Day 3: Why we procrastinate

Never put off till tomorrow what you can do the day after tomorrow

– Mark Twain

Imagine this situation: It is late at night and you prepare for a presentation for the next day. You are anxious. What if I can’t finish this on time? What if it’s not good enough? The worst part you’ve known about this presentation for at least a month. So why haven’t you finished it so far? A family emergency?

No.

Just plain old procrastination.

I have been in this sort of situation a thousand times. Consequently, I decided to do a “30 days without procrastination” challenge. In order to do so, it is time to learn something about procrastination. Know thy enemy or so.

So why do we procrastinate? There are multiple reasons. Some scientists see procrastination as a short term mood regulation method. Task avoidance as a tool to regulate our emotions (1). Basically, if a task causes negative emotions we fall back to task avoidance. Delaying the task leading to more stress in the long run. Deadlines move closer and important but none urgent to-dos will forever stay on your to-do list.

If you wanna procrastinate at this point, here is a quiz to check your level of procrastination:(2) https://procrastinus.com/procrastination/measure-my-procrastination-3/

In the following, you will find a list of possible procrastination causes:

Lack of focus:

Maybe you are one of those people who get easily distracted and have a difficult time focusing on one subject for an extended period of time.

Adrenaline Junkie: 

Maybe you like the way you feel when you have a limited amount of time to finish a task. You enjoy the stress of a tight time frame.

Too many options / Inability to decide

Maybe you have a high number of options? Or don’t easily make decisions. A combination of both would be especially deadly regarding procrastination.

Bad time management

It could be possible, that you are just bad at time management. What if you actually think you have plenty of time when actually a task takes longer than expected?

Lack of energy

A lack of energy often causes procrastination. Are your energy levels low? Are you always too tired to do anything?

Lack of motivation

Maybe you don’t have enough incentive to achieve a goal or do a to-do. Maybe you don’t see a big enough long term benefit.

Fear or anxiety 

I think a big part of procrastination, especially for me, is fear and anxiety. There are many fears that can lead to procrastination, such as the fear of failure or humiliation. As well as the fear of disapproval or the fear to succeed.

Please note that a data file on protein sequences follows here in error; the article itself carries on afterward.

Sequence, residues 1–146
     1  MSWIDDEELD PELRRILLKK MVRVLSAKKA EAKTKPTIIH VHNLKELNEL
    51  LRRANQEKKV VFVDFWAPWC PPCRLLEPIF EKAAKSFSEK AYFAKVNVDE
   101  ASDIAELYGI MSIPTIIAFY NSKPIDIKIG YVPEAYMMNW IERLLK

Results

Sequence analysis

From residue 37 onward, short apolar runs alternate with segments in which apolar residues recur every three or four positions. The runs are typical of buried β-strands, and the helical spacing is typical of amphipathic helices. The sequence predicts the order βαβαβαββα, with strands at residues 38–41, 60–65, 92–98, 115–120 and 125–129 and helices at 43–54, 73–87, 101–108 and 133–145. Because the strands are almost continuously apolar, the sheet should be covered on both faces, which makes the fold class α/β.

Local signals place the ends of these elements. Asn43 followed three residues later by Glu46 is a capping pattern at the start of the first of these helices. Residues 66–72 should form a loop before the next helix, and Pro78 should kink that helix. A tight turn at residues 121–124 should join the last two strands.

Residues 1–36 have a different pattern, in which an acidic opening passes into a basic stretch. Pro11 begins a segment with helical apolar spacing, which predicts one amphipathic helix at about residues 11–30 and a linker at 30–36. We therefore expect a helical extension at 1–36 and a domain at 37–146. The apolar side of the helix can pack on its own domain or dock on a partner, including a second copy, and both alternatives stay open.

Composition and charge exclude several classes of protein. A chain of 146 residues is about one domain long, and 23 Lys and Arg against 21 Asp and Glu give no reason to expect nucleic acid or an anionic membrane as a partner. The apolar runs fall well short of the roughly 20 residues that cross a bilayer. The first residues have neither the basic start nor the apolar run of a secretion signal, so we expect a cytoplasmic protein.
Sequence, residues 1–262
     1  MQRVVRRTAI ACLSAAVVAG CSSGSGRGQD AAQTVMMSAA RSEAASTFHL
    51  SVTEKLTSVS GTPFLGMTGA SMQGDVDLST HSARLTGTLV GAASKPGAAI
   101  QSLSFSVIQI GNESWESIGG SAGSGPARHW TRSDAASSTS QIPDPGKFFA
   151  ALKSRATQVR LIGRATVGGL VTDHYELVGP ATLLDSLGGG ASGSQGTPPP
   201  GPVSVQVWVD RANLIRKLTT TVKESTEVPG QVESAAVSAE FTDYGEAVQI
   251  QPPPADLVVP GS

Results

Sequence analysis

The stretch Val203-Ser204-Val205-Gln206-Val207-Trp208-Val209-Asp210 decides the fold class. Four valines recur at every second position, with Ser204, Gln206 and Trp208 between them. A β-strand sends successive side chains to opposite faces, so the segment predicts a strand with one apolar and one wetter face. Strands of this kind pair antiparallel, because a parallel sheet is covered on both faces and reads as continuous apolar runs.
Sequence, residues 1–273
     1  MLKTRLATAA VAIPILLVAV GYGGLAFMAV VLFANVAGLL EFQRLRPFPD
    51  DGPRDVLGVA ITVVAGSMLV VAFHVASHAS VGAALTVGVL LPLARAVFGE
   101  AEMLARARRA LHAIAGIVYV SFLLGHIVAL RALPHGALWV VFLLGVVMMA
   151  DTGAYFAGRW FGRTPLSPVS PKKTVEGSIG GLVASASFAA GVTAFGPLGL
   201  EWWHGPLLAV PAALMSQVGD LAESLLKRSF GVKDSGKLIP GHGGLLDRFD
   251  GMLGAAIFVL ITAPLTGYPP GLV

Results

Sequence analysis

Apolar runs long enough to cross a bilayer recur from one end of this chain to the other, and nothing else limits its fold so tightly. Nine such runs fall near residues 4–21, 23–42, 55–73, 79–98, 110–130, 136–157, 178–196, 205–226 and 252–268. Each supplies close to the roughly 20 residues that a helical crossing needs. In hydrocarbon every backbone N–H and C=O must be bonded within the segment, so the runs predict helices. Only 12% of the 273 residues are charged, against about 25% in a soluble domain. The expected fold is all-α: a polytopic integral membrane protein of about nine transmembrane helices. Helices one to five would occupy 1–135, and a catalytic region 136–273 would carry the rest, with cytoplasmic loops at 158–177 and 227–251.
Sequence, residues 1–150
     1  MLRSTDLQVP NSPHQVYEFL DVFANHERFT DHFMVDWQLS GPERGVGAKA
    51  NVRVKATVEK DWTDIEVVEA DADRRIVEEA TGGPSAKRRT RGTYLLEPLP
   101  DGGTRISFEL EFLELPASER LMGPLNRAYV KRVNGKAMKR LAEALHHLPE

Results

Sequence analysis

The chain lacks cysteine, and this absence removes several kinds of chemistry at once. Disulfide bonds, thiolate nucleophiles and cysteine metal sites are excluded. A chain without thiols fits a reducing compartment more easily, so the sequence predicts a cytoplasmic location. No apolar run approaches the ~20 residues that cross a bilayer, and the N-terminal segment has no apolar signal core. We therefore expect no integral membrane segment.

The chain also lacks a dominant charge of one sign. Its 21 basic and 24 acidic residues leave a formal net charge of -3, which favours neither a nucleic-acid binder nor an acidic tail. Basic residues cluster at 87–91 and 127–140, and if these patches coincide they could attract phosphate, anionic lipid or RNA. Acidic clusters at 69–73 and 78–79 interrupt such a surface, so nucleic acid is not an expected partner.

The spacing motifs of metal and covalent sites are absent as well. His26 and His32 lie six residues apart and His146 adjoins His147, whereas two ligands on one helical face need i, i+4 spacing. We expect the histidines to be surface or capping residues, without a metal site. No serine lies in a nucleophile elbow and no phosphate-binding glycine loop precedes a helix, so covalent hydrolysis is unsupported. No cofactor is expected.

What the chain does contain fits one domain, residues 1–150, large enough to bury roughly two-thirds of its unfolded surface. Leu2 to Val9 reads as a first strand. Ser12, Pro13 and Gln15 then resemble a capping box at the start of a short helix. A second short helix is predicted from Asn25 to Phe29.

Depression 

Maybe you are depressed. Studies show, that people, who are depressed often postpone tasks.

Perceived lack of control

Did you just move? Or a lot changed? When you feel out of control a coping mechanism often includes procrastination.

Task aversion

Sometimes your heart isn’t really into the task. Maybe it goes against your values or you really would like to avoid the outcome.

Feeling overwhelmed

Sometimes tasks or actions turn out so big you are simply overwhelmed. Where to start? Instead of tackling the mountain of an issue you might delay.

Not wanting to miss out

At times you have many options and you would like to try everything. Rather than choosing, you postpone the decision.

Outcomes and rewards in the far away future

Sometimes our goals are so far ahead and so are the rewards we expect. Therefore, they aren’t incentive enough to get us started.

Vague goals/ tasks

The goals and tasks are so unclear you have no idea how to start and what you will achieve by the end of it.

Senseless tasks

If you think your task doesn’t make any sense and you have to wonder why you should do it you can turn up postponing it.

Obviously, in order to grow, I want to overcome procrastination. Knowing why I procrastinate is an important part of beating it. This is how I am going about it on day 1.

As a first task, I take a pen and paper and write down all the goals for this year. Next, I write down, which actions need to be taken to accomplish them. In the next step, I break the tasks into monthly to-do lists. Then into weekly to-dos and finally, write down what has to be done on a daily basis.

Additional Literature:

  • (1) Sirois, F. and Pychyl, T. (2016). Procrastination, health, and well-being. p.164.
  • (2) The Procrastination Equation: How to Stop Putting Stuff Off and Start – By Piers Steel

 

 

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